The ACSM recommends 1:15 – 2:30 hours of vigorous exercise as an alternative to 2:30 – 5:00 hours of endurance exercise a week. Through vigorous exercise you can slow the loss of power that otherwise comes with aging. With the control on an e-bike you could cut out the pedal assist, ride hard to a landmark and then dial in the pedal assist to recover. You could hammer hills you couldn’t climb on your regular bike. You could even do structured intervals.
As we age it becomes harder to ride because “I should.” Riding with others is a great motivator. With an e-bike, you can ride with younger friends on their conventional bikes (as long as they accept an e-bike). An e-bike extends your riding range. You can ride longer and/or hillier routes.
Because an e-bike significantly extends your riding range it frees you from the same old roads around home.
This column in the New York Times explains e-bike choices.
It’s your choice
Dr. Gabe Mirkin wrote a column on Why You Should Consider an E-bike. For some of us as we age, an e-bike is a useful tool and toy. My view is that if you’re on a bike and pedaling then you’re cycling whether it’s a racing bike, cruiser, dual-suspension mountain bike, commuter, recumbent, or e-bike. Some riders think differently and won’t ride an e-bike. That’s okay, too.
Like other types of bikes there are pros to e-bikes, some of which are described above. And cons.
- They’re heavy
- Battery life is limited
- Maintenance may be tricky
- They may attract thieves because they’re popular
- They may be dangerous if ridden incorrectly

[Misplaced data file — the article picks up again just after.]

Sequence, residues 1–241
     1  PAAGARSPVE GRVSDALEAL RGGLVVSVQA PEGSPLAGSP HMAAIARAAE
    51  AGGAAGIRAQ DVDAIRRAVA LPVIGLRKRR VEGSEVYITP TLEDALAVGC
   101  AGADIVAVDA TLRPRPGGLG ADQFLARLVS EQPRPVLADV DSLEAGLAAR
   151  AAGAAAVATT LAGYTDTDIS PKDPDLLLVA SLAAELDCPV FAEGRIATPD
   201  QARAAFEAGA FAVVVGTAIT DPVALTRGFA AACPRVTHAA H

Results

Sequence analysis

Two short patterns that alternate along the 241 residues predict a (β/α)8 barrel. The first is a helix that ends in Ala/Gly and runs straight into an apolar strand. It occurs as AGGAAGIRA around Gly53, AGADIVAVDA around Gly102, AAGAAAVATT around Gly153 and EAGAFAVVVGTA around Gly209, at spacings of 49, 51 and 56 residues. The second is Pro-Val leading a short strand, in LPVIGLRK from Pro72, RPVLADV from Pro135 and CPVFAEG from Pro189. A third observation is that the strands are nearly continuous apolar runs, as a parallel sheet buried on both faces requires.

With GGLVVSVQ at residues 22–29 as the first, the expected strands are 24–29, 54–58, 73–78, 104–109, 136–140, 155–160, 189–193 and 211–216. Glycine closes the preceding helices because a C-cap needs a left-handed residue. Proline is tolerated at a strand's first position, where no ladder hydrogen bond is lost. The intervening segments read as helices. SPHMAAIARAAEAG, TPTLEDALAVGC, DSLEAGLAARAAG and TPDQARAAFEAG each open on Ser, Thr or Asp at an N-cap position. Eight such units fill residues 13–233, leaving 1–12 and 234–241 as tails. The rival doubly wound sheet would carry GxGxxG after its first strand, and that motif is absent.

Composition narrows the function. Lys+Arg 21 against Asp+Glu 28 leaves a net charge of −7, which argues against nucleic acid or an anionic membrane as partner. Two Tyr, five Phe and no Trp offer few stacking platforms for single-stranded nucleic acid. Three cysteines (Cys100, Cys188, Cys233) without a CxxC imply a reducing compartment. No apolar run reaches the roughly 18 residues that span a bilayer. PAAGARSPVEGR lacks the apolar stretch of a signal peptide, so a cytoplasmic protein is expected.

Basically e-bikes are like other bikes and the same tips apply:
There are also major differences. The bike can accelerate more quickly and go faster than you are used to going (unless you’re a racer). The bike is heavier. The bike handles differently. You might go into corners faster. You need more stopping distance because of the weight and the speed. Start by practicing controlled acceleration, skillful cornering and safe braking in an empty parking lot.
My eBook Anti-Aging: 12 Ways You Can Slow the Aging Process includes interviews with Elizabeth Wicks, Gabe Mirkin, Jim Langley, Andy Pruitt and eight other male and female roadies ages 55 to 83. They describe their exercise programs in terms of the American College of Sports Medicine’s recommendations. They describe many ways to adapt positively to the aging process. Anti-Aging provides programs to meet all of the ACSM recommendations on cardio, intensity, muscle strength, strong bones, balance and flexibility.Anti-Aging: 12 Ways You Can Slow the Aging Process incorporates the latest research and most of it is new material not published in my previous eArticles on cycling past 50, 60 and beyond. It’s your comprehensive guide to continuing to ride well into your 80s and even your 90s. The 106-page eBook Anti-Aging: 12 Ways You Can Slow the Aging Process is available for $14.99.